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I’m sure you’ve noticed there’s a lot buzz about the new FTC laws coming into affect starting at the end of this year. These laws may affect many of us online marketers and we should at the very least get familiar with what it’s all about.
The basic idea behind the new updates relates to advertising, product endorsement and testimonials – requiring the presentation of what is being represented is accurate, true and not deceitful.
Over the last week or so I’ve been collecting opinions and blog posts on how this will affect my business, your business and the face of internet marketing.
Let me just give you a summary of what I got out of everything I read.
Also, as always, I invite you to add your comments and opinions in the comment section below.
FTC Rules For Product Sellers & Affiliates:
1. Testimonials. You can no longer post extraordinary results and slap a ‘results not typical’ warning below it. The FTC is calling for marketers to also post TYPICAL results as well. In John Reese’s new report, he suggests you remove testimonials from your products completely. I tend to agree. Posting typical results will be both discouraging (not helping sales) and nearly impossible to produce. I mean, how many people are going to email and say they never even cracked open that product they bought, or that they didn’t follow your process so they didn’t get any results? And how do you determine what is typical? Is it the person who followed your instructions, the people who didn’t and just skimmed, the people who leveraged other sources at the same time, etc?
2. Affiliate Programs. As always, product sellers with affiliate programs can be held liable for the actions of their affiliates. This is something to be mindful of with the new FTC laws. Affiliate Managers will need to make sure their affiliates are aware of the new laws and all the rules apply to them as well.
3. Product Endorsements. If you sell products and give away products or payment in exchange for a review you must ensure that the person reviewing the product discloses that relationship with you. If you are an affiliate you must be sure to disclose the relationship with the product owner.
4. Affiliate Marketing. The full reach of this FTC Law to affiliate marketers is pretty unclear. It is unclear that if you get a possible commission as an affiliate what you must do to disclose that relationship. It appears to be left to the discretion of the affiliate whether they indicate directly in their content (ie. in a blog post) or if they include it in their website policies and disclaimers.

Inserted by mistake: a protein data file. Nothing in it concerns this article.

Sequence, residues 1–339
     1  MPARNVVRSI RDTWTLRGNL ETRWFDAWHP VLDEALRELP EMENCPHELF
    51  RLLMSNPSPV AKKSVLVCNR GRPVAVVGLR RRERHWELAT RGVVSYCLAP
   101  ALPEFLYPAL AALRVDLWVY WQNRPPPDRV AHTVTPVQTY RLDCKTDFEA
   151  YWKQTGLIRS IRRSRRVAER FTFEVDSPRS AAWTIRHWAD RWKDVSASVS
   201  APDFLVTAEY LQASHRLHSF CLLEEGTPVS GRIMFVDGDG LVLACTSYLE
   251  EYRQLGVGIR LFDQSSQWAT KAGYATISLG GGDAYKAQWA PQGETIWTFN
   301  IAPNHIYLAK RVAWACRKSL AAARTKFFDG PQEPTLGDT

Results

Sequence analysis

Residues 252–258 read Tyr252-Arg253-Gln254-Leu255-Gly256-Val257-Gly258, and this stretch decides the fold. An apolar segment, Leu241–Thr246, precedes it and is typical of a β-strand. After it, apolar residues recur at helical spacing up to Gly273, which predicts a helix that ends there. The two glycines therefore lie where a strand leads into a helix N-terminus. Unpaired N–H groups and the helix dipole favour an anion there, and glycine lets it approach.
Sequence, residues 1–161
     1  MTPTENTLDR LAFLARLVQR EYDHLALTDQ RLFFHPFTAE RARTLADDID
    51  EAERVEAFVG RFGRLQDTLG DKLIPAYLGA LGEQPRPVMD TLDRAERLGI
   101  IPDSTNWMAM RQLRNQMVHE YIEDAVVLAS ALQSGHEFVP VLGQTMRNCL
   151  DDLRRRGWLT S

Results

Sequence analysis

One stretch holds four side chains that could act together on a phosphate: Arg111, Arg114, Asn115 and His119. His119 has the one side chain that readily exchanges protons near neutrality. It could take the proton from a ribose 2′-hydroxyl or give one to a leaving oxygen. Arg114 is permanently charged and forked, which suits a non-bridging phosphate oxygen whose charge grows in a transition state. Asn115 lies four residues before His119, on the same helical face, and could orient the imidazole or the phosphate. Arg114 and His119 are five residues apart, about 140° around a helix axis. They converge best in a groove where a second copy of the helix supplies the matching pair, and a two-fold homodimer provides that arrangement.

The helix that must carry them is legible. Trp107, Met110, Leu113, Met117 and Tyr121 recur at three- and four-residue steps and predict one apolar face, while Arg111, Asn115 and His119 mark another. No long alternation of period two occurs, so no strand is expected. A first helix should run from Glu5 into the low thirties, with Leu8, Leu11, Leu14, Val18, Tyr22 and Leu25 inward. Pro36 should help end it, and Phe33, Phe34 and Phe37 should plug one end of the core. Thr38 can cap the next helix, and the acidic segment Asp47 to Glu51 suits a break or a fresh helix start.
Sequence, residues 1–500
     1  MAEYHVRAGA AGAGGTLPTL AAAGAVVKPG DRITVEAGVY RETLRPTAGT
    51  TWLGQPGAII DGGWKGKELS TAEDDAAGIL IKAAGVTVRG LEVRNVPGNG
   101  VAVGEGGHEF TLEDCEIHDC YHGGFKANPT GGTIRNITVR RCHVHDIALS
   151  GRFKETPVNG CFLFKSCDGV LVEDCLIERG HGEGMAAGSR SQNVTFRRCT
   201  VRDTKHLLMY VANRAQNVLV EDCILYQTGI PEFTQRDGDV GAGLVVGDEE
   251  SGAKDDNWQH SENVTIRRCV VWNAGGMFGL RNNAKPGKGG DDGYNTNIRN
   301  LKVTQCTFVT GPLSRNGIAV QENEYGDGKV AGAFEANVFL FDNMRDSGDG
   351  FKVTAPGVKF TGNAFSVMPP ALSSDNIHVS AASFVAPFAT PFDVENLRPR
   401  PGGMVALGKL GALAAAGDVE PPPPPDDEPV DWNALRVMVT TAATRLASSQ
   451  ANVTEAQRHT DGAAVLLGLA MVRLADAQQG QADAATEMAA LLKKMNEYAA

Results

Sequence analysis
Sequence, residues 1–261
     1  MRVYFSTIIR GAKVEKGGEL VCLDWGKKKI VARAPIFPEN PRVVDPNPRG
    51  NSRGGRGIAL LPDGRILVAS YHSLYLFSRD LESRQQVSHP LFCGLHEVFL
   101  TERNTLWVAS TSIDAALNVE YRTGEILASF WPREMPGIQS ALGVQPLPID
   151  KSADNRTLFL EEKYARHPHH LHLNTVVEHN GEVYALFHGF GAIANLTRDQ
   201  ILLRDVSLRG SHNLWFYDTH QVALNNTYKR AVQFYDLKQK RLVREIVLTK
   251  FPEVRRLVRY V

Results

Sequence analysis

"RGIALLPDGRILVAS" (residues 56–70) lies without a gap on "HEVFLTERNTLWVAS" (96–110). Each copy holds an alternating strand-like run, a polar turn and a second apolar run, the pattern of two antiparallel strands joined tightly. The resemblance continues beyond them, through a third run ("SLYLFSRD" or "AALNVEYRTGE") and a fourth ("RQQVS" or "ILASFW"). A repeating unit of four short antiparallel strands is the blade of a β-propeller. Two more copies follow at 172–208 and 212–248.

Of course the above points are all my take on this law and in no way should be taken as legal advice. There’s also a lot more to it so I recommend you check out a number of opinions and views as I’ve done.
What Does All This Mean to the Blogger and Affiliate Marketer and Internet Marketing in General?
Well that’s the big question a lot of people are asking.
Lynn Terry mentioned she heard that a blogger or affiliate marketer may need up to 100 complaints before they actually get the FTC checking them out. If that’s the case it will be a big relief to most bloggers and affiliate marketers, since you’ll never get that many complaints if you are running a business honestly and ethically.
Lynn also mentioned that these laws are not being made to crack down on the legitimate, smaller blogger. They are after people who are out there making big waves with fake testimonials and highly unethical marketing.
John Reese suggests that this will be a benefit to many of us, here’s a quote from his report you can download from here:
But just as there are new developments like this that might be viewed as a ʻnegativeʼ there are almost always OPPORTUNITIES that are created because of it.
This might be a great opportunity for you to grow your business while
your competitors might leave your market because of the new regulations.
I guarantee some smart entrepreneurs will find a way to do things
ʻrightʼ and make a killing from these changes while others are bailing out.
Being a Canadian myself I am still very much in the same boat as Americans with this law. I consider any laws and regulations that the US pass (such as the Can-Spam Act) as laws for me too. Once Canada does get on board with internet laws and creates them I’m sure they’ll be looking to the US as an example.
So What Should We Do Next to Comply?
Michel Fortin is a fellow Canadian and he’s just changed the disclosure policy on his site as most internet marketers and bloggers are currently doing. He also posted a short version of the disclosure policy in the sidebar of his blog which is a nice touch. Read Michel’s disclosure policy here.
I will also be updating my own disclaimers and policies. Right now I have a few pages of disclaimers but I like the idea of putting all your disclaimers on one page so I will be doing that as well.
My disclosure policies were created by Internet Lawyer Mike Young (and YES that is my affiliate link and I will make money if you click and buy ).
When I bought it there wasn’t a clause for affiliate marketing but I recently got an email from the affiliate manager telling me how swamped they’ve been with questions about the new FTC Laws. As a result they’ve updated the product with an Affiliate Compensation Disclosure Package. I will be buying this and adding it to my site.
So there’s a lot of information here but I think overall the state of internet marketing will be in good shape with these new laws. I live by my Marketers Mojo Pledge and I’m happy to comply with anything that makes me a more transparent marketer.
Yes, I’m here and you’re here to make money but I’m always more committed to being an ethical marketer over making a quick buck.
I’d love to hear your thoughts or links to any other opinions and blog posts you’ve found to be of interest on this topic!